The 19-year-old fullback Nepia was one of the stars of the 1924–5 All Blacks, dubbed the ‘Invincibles’. He played in all 32 matches on the team’s tour of the British Isles, France and Canada. Still only 25, he appeared in his last test match in 1930, in the final game of the home series against the British Lions. The All Blacks won the match 22–8 to clinch the series 3–1.
His performances on the 1924–5 tour prompted one leading British journalist to write, ‘it is not for me a question of whether Nepia was the best fullback in history. It is a question of which of the others is fit to loose the laces of his Cotton Oxford boots’. But after that four-test tour, Nepia only played a further five test matches for the All Blacks. One reason was his non-selection, on racial grounds, for the 1928 tour of South Africa. He was also restricted by injury and was unavailable for several tours.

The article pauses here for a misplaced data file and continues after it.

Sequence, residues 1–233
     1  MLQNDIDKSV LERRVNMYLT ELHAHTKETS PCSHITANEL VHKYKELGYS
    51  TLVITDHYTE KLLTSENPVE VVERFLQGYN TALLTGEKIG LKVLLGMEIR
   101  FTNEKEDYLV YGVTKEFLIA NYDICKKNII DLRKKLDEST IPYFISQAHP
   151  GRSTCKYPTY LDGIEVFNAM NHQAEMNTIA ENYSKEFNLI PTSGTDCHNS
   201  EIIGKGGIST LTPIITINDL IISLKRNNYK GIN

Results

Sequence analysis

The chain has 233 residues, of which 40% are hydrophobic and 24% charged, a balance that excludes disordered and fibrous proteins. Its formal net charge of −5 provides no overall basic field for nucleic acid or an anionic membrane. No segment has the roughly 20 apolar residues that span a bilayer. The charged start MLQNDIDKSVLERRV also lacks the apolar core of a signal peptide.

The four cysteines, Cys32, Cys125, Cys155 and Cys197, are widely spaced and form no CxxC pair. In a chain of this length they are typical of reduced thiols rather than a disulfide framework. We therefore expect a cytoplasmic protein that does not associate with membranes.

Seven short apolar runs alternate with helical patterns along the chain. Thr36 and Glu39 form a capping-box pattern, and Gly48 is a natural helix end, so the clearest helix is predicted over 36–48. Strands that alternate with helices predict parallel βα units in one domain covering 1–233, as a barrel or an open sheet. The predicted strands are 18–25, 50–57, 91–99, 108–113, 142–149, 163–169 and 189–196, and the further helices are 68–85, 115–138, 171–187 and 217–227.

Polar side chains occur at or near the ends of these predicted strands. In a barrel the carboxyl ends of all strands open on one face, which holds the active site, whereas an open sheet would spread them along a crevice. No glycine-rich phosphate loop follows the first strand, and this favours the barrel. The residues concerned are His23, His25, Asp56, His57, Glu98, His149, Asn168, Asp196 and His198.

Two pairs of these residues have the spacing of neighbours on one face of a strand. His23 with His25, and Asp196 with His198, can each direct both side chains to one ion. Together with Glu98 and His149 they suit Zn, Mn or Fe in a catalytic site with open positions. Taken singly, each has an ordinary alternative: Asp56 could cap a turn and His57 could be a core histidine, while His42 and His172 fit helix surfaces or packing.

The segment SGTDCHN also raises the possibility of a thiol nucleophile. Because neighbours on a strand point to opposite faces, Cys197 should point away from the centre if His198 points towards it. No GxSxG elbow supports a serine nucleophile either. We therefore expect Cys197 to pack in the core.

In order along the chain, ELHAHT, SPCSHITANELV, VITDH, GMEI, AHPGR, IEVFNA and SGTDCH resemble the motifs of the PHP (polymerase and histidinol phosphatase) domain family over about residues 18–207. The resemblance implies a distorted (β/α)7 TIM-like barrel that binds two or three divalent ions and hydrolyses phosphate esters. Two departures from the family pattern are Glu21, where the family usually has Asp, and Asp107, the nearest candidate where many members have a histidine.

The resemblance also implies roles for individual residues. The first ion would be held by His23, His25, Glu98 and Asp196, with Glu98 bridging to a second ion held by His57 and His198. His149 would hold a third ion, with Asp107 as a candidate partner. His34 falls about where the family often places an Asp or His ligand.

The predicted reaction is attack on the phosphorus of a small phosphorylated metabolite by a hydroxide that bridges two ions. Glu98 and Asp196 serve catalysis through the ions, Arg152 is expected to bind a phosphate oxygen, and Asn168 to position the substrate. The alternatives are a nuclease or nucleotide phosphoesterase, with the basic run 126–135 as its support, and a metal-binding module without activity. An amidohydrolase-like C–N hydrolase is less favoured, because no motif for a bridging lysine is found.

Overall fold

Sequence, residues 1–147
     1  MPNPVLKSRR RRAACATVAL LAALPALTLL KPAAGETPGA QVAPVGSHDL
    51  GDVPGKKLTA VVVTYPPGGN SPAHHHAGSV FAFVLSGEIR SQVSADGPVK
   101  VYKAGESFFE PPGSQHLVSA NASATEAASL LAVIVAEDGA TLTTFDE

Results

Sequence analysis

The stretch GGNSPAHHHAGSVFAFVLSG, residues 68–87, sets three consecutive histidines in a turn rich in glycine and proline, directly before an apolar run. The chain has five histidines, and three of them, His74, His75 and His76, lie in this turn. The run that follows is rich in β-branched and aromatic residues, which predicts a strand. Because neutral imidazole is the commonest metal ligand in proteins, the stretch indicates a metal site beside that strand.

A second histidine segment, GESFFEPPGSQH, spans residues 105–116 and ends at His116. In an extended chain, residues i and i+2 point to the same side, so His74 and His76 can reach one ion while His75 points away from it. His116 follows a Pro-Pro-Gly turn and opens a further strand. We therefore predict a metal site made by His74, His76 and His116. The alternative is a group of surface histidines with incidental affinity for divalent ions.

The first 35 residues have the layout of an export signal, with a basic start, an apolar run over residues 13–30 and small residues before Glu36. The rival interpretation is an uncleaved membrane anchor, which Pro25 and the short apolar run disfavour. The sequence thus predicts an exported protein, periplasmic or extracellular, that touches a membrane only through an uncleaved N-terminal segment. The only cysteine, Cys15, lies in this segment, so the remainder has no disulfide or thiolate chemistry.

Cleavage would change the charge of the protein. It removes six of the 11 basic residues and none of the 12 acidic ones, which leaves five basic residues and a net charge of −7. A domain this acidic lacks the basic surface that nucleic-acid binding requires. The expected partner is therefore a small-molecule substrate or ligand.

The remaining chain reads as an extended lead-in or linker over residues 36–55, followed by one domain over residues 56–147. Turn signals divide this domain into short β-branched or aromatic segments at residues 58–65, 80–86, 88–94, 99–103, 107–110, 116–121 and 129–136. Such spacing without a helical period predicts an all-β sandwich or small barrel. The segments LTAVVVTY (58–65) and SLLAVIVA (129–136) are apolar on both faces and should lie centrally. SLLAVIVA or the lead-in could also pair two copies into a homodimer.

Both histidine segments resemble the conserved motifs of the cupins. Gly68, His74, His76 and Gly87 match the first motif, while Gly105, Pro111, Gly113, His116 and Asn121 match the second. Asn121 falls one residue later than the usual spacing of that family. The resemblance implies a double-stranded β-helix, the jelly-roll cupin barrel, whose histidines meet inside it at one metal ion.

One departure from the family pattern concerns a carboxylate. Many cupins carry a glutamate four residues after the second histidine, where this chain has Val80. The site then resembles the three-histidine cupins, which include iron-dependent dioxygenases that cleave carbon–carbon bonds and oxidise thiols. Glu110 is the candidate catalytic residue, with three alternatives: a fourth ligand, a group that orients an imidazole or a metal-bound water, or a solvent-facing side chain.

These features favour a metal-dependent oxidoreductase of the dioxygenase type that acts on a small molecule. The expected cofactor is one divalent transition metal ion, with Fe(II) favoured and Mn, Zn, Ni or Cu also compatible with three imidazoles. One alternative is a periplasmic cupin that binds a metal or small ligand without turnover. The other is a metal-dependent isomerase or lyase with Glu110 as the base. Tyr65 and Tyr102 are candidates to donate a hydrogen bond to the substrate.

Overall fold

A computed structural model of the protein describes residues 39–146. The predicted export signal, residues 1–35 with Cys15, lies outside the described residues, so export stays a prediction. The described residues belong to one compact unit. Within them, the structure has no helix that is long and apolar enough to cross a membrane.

Having suffered financial hardship during the Great Depression, in the mid-1930s Nepia decided to secure his family’s future by accepting an offer to play rugby league in Britain. He returned to New Zealand in 1937 and appeared in the Kiwis’ famous 16–15 win over Australia.
After the Second World War Nepia was reinstated to rugby. In 1947 he played two representative matches for East Coast. In 1950, now in his mid-40s, he played at fullback in a festival match for the Olympians club. The Poverty Bay captain was his son George. This is the only time a father and son have played in the same first-class match in New Zealand.
Image: George Nepia (DNZB)